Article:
Kony 2012 hits campus

Thousands of students plan for Queen’s Cover the Night event

Participants in the Kony 2012 Cover the Night event recieve posters like the one above which they will use to plaster their towns in an effort to raise awareness about Joseph Kony.
Participants in the Kony 2012 Cover the Night event recieve posters like the one above which they will use to plaster their towns in an effort to raise awareness about Joseph Kony.

Within 10 hours of its creation on Tuesday, more than 1,200 Queen’s students had joined a Facebook event that hopes to raise support for Joseph Kony’s arrest.

It’s part of the global campaign Kony 2012, started by American non-governmental organization Invisible Children.

Kony, the leader of the rebel group the Lord’s Resistance Army (LRA), has evaded capture since being indicted by the International Criminal Court in 2005.

The LRA is notorious for its use of child soldiers throughout central Africa.

On Monday, Invisible Children launched a media campaign that featured a 30-minute documentary calling for Kony’s capture.

By Tuesday, the Kony 2012 movement had followers from all over the world. It calls on participants to help plaster their cities with posters of Kony on April 20 in a Cover the Night event, in order to spread awareness about his crimes.

A Facebook event for a Queen’s screening of the film was started on Tuesday, as well as a group for a Queen’s Cover the Night event.

“People aren’t exposed to what’s happening around the world,” said first-year commerce student Jessica Whitehead.

She was one of the Facebook event creators.

“Everyone really seems to care a lot about this movement.” Kyla Hackett, an Invisible Children intern and representative to Canada said Invisible Children didn’t expect their documentary to go viral so quickly.

“We had originally wanted 500,000 views on our film, it’s gone into the millions,” she said.

At the time of print more than 43 million people had viewed the documentary on YouTube. Hackett said the organization has produced movements like Kony 2012 in the past.

“This is our 14th tour,” Hackett said, adding that this involves a Ugandan and an America representative promoting the cause and holding film screenings at schools and places of worship.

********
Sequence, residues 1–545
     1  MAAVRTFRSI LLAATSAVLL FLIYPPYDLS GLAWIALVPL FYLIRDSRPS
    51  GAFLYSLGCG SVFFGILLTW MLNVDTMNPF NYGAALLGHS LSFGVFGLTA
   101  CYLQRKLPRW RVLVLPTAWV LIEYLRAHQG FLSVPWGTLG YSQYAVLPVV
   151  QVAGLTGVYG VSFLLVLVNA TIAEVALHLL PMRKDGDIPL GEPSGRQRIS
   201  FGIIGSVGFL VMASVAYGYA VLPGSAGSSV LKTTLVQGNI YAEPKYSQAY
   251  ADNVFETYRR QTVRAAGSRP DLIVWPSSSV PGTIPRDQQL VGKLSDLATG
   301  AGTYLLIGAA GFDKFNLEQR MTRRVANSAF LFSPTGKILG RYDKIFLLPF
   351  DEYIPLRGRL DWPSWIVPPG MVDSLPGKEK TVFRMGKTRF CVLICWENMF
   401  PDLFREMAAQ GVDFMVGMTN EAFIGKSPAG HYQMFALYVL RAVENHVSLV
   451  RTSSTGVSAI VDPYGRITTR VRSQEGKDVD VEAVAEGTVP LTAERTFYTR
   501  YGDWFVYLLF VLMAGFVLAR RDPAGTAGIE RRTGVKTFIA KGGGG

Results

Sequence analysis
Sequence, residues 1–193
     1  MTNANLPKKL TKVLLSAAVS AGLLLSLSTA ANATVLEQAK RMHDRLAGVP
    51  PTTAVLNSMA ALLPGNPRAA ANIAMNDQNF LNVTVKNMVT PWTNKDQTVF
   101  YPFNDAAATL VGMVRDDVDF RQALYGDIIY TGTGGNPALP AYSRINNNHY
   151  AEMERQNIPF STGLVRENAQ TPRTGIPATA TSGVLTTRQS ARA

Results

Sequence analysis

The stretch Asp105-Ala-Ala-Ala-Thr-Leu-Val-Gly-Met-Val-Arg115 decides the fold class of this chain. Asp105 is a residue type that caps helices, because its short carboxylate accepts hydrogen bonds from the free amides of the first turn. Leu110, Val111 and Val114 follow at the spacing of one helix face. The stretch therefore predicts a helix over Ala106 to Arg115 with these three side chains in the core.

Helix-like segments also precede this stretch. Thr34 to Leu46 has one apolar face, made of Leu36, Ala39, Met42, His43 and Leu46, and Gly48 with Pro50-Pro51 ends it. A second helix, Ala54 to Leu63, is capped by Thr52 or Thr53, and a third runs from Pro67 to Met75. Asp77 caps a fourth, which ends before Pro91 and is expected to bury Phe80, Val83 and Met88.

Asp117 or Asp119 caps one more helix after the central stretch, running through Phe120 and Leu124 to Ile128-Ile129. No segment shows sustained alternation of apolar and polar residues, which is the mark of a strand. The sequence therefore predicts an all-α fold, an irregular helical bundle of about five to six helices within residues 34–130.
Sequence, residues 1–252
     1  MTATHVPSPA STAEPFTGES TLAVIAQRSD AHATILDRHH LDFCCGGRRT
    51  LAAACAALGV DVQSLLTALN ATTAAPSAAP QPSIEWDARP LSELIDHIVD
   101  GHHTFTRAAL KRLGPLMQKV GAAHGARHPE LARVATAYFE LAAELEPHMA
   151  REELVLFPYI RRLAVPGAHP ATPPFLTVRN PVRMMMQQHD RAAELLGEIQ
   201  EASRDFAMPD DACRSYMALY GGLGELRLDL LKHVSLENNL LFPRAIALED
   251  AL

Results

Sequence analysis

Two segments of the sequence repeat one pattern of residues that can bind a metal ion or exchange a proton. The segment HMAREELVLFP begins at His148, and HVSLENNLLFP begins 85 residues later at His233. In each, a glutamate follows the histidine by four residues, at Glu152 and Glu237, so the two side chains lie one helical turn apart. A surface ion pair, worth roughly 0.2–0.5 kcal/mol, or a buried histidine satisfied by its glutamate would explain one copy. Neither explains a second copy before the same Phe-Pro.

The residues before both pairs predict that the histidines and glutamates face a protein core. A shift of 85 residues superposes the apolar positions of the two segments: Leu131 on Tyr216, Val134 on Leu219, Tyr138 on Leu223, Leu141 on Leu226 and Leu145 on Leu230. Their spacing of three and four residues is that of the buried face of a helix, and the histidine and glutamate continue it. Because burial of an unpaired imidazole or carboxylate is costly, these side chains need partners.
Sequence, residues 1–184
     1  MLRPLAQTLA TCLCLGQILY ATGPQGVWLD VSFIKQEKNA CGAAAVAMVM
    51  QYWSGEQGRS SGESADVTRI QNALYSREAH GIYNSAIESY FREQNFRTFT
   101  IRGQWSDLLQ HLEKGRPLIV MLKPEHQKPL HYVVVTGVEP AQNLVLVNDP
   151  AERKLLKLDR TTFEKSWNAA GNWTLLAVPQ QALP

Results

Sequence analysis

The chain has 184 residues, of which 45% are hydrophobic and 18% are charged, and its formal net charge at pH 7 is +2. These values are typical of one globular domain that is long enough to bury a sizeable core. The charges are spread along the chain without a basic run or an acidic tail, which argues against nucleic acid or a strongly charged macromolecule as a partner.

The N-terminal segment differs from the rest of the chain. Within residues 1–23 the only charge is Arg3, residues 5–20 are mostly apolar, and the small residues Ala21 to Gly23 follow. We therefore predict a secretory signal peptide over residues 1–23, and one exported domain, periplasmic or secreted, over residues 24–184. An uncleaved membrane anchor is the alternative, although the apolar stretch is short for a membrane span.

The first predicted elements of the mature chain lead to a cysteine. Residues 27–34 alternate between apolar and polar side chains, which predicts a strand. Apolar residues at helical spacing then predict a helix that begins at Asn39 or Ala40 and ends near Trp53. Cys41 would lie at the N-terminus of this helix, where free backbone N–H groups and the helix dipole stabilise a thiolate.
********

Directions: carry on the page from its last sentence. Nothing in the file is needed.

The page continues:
“Invisible Children is actually a youth based social justice non-profit, we base our movement around pushing our word out through media,” she said.

Although the majority of response to Kony 2012 has been from Western countries like the U.S., Canada and the United Kingdom, Hackett said 95 per cent of staff in Invisible Children’s two central African offices are local.

“Our programs and our organization is really based on the belief of locals know best,” she said.

In October 2011, American President Barack Obama ordered that 100 non-combative U.S. troops be deployed in Uganda to stop the LRA and capture Kony.

Hackett said Invisible Children is adamant that the only way to keep these troops in the region is with popular support.

“The criticality of this being this year is we have international support, we have governmental support,” she said.

“Our number one goal for this campaign is for Joseph Kony to be arrested.” Richard Day, undergraduate chair of the global development studies department said that while Kony 2012 supporters have good intentions, it’s unlikely that the campaign will amount to anything.

“The basic idea is if a bunch of white people get upset, that’s going to bring people towards a Western sense of justice,” he said. “It reminds me of Bono.”

Day said the “charity-oriented” movement does offer an opportunity for critical discussion. “What should happen would probably be quite different than what the West has produced as a response,” he said. “It will be a white people thing … that’s colonialism.” Alumnus Peter Stoett, PhD ’94, studies the Lord’s Resistance Army and the International Criminal Court.

He said that if Kony is captured and brought to justice, the entire LRA will crumble.

“This really is one of those fairly rare cases nowadays, where an individual leader is absolutely instrumental to keeping these atrocities ongoing,” Stoett, a professor at Concordia University said. “You need to take out the very top.”

Stoett said the LRA’s actions constitute some of the worst cases of child abuse in history.

Though the LRA originated in Uganda, the rebel group dispersed into neighboring countries.

Since it started in 1987, the LRA has abducted over 30,000 youth from their homes, according to the Invisible Children’s documentary. Children have been taken from Uganda, the Democratic Republic of the Congo and south Sudan, amongst other African nations.

“He distributes girls for example to the top military leaders,” Stoett said. “He’s got this system going whereby he rewards people and punishes people.”

Although he’s pleased with the awareness Kony 2012 is bringing, Stoett said those involved in the struggle have been calling for his capture for decades.

“It’s one thing to raise awareness on this it’s another to actually ... capture,” he said. “Actually making that happen has proven extremely difficult.”

Ugandan President Yoweri Kaguta Museveni has ruled the country since 1986.

“Museveni’s been in power just as long as Kony’s been committing the crimes,” said Rignam Wangkhang, an organizer of the Queen’s Cover the Night event. “Clearly we need to hold him accountable for his lack of action.

Wangkhang, ArtSci ’12, said he hopes the movement will make people ask questions.

“It’s not just a case of one person,” he said. “There are other factors involved in all ways.”

This article has been updated to reflect the following correction. More than 30,000 children have been abducted by the LRA which was formed in 1987. Incorrect information appeared in the March 9 issue of the Journal. The Journal regrets the errors.

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